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The Kings of Oak Springs, Episode 5, Crops, Garden and Livestock took full King family efforts

Updated on May 17, 2014
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Dr. Bill's first passion is family history. His second is a passion for creating family saga, historical fiction stories that share it.

Cuffy and Max pulled the plow and harrow

A brown mule like Cuffy and Max of the King Family farm
A brown mule like Cuffy and Max of the King Family farm | Source

Karl got the ground ready for crops and the garden on their new farm

Using the plow Owen had brought, Karl King harnessed up Cuffy, the mule, and first plowed the garden plot. He and Keith had already cleaned the brush and undergrowth away from the plot that had obviously been the garden plot on the previous Hamby place. They had also salvaged a few volunteer plants they had recognized, and placed them aside to replant later. Karl then proceeded to the first ten-acre plot nearest the house on this, the north side of the creek, to begin plowing it. They had also cleared it of large undergrowth earlier.

Keith harnessed the other mule, Max, to the harrow that Owen had repaired for them and used it to break up the plowed ground surface. He made three passes so as to break up the clods and provide a relatively smooth surface for Katherine and the younger children to use to plant rows of seeds and starts they had already prepared. Following his work on the garden, Keith likewise followed Karl to the field and began to harrow where it had been plowed, as well. This was a two pass process. This particular field would be planted to corn, the primary crop for the farm.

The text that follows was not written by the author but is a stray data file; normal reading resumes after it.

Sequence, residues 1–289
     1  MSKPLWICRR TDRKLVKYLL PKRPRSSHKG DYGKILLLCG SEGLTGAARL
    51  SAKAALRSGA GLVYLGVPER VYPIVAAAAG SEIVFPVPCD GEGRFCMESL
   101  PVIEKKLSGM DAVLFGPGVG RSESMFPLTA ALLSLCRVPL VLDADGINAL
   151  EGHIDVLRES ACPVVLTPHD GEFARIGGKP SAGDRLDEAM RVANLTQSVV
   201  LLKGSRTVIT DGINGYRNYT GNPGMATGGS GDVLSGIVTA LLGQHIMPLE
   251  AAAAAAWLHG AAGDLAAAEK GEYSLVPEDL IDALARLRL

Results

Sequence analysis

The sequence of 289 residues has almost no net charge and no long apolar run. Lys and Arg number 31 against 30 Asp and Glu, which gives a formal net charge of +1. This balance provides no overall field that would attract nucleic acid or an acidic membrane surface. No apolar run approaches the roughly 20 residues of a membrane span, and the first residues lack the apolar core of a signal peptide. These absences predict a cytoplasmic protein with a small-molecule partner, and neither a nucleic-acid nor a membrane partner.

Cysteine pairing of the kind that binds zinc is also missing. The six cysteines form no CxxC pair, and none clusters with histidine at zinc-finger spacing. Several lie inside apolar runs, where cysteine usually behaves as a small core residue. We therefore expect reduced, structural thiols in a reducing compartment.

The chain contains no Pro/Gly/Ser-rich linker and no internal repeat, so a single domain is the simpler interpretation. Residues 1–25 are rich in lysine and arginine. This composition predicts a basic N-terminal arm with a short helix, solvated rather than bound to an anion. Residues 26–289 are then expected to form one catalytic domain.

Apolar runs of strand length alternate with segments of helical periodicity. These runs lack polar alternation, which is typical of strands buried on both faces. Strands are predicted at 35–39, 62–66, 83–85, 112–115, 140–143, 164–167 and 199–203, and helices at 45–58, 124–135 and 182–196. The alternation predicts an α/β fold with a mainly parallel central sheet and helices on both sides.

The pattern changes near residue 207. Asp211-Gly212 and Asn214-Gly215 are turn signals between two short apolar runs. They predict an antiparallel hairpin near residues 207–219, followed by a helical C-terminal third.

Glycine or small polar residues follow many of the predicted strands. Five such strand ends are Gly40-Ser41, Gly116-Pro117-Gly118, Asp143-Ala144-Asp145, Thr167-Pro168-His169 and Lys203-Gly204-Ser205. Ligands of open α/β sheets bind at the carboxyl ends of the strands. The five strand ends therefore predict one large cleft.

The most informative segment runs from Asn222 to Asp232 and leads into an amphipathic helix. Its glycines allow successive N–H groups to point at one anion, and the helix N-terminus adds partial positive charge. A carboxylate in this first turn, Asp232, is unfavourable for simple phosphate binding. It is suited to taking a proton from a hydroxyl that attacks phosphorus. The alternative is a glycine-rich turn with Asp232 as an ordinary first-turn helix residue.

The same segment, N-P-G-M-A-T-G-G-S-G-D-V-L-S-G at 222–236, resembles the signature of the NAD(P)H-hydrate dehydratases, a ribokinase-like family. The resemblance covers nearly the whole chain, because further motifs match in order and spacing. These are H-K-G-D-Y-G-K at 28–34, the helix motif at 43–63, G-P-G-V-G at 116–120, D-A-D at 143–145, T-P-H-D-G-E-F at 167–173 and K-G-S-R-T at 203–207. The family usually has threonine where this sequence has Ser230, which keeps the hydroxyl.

When he had caught up to where Karl was plowing, Keith took a break from harrowing and went back to the garden, giving the mule a rest and water break. Keith's next job was to close up the opening in the fence around the garden that had been used to get the mules and their implements in and out. Without the fence, wildlife would have eaten everything planted in the garden by the next morning. A wire gate allowed the family to move in and out easily.

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Woven wire fencing was very useful

Woven wire fencing like that used around the garden and to protect the pregnant pig sow.
Woven wire fencing like that used around the garden and to protect the pregnant pig sow. | Source

Each family member had responsibility for some of the farm animals

Kate, along with her mother, Katherine, was responsible for milking the cow each day and being sure she was properly fed and cared for. The milk was stored in the Spring House each day, kept cool by the cold creek water flowing through the storage area. The family was very pleased that it was in usable shape, with only minor repairs, when they arrived. Kent looked after the pregnant pig sow, each day, feeding her morning and evening and checking to be sure the fence they had built for her continued to be secure, and that she was safe.

Under Katherine's supervision, young Karla, even at 5 years old, felt a sense of responsibility as she gathered the eggs and fed the chickens each morning. They had not yet added any chicks to the coop of chickens they had brought with them. Twelve were layers, and they consistently got 9 to twelve eggs each day from them, which barely met their own eating needs. They only had about a half dozen of eating chickens left, and would need to get some more, now that they were getting settled in to their new place.